A potpourri of topics today, starting with . . .
Local body representation. This issue continues to heat up, and they'll be plenty of time to discuss it in coming months.
For now, I'd recommend you read the letter from Peter Baker on this page today. There would be some challenges getting a good spread of capable candidates for each ward, but the points raised make you think.
The Waimate District Council has its own issues, most notable being a legal wrangle over work done on a wall of Dash's Garage. The council met last night, but it's certainly got itself in a pickle over something that, from the outside anyway, doesn't appear too major. To have spent $50,000 of ratepayer funds so far, and perhaps more to come, when the whole thing could have been settled for a few hundred dollars, seems remarkable.
Maybe it's over a matter of principle. There are still questions to be answered.
I wasn't quite sure what to think over our picture on the front page yesterday of the large shipment of logs aboard the CS Solaris, apart obviously from the initial reaction of "gosh, what a lot of logs".
They represent good export dollars, are sustainably harvested from local forests, and they provide work for the port. But to see so much raw material shipped overseas without us adding more value just seems wrong.
Can't we be making something from these trees before exporting them?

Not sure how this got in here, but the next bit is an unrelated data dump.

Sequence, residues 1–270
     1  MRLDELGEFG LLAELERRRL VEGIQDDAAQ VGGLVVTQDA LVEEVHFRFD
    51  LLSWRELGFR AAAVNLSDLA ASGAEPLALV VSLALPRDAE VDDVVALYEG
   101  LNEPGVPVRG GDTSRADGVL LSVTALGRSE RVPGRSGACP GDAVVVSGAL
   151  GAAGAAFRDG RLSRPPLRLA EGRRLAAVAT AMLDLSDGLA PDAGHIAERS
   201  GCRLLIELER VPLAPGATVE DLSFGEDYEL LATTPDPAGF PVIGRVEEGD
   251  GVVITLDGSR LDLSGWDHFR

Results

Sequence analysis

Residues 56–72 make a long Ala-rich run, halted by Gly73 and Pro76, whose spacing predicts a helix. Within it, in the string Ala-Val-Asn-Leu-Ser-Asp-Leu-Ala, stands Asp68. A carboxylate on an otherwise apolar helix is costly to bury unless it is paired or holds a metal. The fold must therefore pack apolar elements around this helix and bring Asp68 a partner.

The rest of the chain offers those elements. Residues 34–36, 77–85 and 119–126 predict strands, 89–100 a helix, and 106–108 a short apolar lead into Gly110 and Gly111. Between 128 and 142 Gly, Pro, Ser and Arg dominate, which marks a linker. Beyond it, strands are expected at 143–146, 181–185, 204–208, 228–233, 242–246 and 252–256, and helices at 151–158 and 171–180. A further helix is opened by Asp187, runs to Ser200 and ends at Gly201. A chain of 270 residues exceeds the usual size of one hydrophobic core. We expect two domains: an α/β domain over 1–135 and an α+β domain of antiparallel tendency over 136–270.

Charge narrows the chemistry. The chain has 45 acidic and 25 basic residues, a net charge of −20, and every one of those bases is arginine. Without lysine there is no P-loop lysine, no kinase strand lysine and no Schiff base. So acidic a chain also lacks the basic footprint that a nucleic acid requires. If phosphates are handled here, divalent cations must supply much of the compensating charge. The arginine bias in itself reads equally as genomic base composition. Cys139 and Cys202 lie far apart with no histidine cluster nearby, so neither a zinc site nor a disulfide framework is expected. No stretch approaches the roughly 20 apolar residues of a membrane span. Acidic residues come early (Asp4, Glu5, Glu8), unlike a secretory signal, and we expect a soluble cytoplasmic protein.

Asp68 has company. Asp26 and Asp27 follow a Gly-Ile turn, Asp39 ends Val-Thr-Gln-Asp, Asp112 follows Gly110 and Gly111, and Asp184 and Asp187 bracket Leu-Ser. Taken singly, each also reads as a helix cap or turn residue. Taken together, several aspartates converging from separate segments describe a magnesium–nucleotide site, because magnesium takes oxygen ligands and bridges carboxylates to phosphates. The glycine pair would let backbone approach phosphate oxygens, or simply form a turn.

Also leaving our shores are people, and quite a few of them. Around 300 to 400 a year are shifting to Australia from South Canterbury, which is no great surprise in itself. For all that we enjoy slagging off the Aussies we're quick to go there on holiday and to live, and there's a bit of a glow there just now as the rest of the world struggles with recession.
Of most interest was the number of people returning each year, a quarter to a third of the number leaving. Most commonly that will be for family reasons, but it was higher than I would have thought. Maybe it's not all beer and skittles across the ditch.
Actually it's not here either, with petrol hitting a new high. Not that we seem to care. It was an issue when it first broke through the $2 a litre barrier, but $2.23 doesn't seem to count.
Would it make any difference to say it now costs $53 instead of $47 to drive a small 1.8-litre Toyota Corolla to Christchurch and back? No, probably not.
And finally, news that Federated Farmers has dropped its High Court appeal and the way is clear to declare the Mackenzie Basin an outstanding natural landscape is significant, although most people won't realise it.
There's still a long way to go, and the detail will make the difference, but the beauty of the basin will now have a high level of protection. Good stuff.
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